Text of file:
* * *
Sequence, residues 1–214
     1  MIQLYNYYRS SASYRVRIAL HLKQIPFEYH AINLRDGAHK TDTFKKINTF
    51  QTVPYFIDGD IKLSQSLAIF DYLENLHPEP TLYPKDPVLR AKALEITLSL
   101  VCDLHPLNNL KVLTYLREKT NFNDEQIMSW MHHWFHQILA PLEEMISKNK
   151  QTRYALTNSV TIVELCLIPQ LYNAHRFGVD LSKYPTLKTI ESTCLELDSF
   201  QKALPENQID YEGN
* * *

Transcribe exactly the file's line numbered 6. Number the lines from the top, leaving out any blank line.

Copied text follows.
   201  QKALPENQID YEGN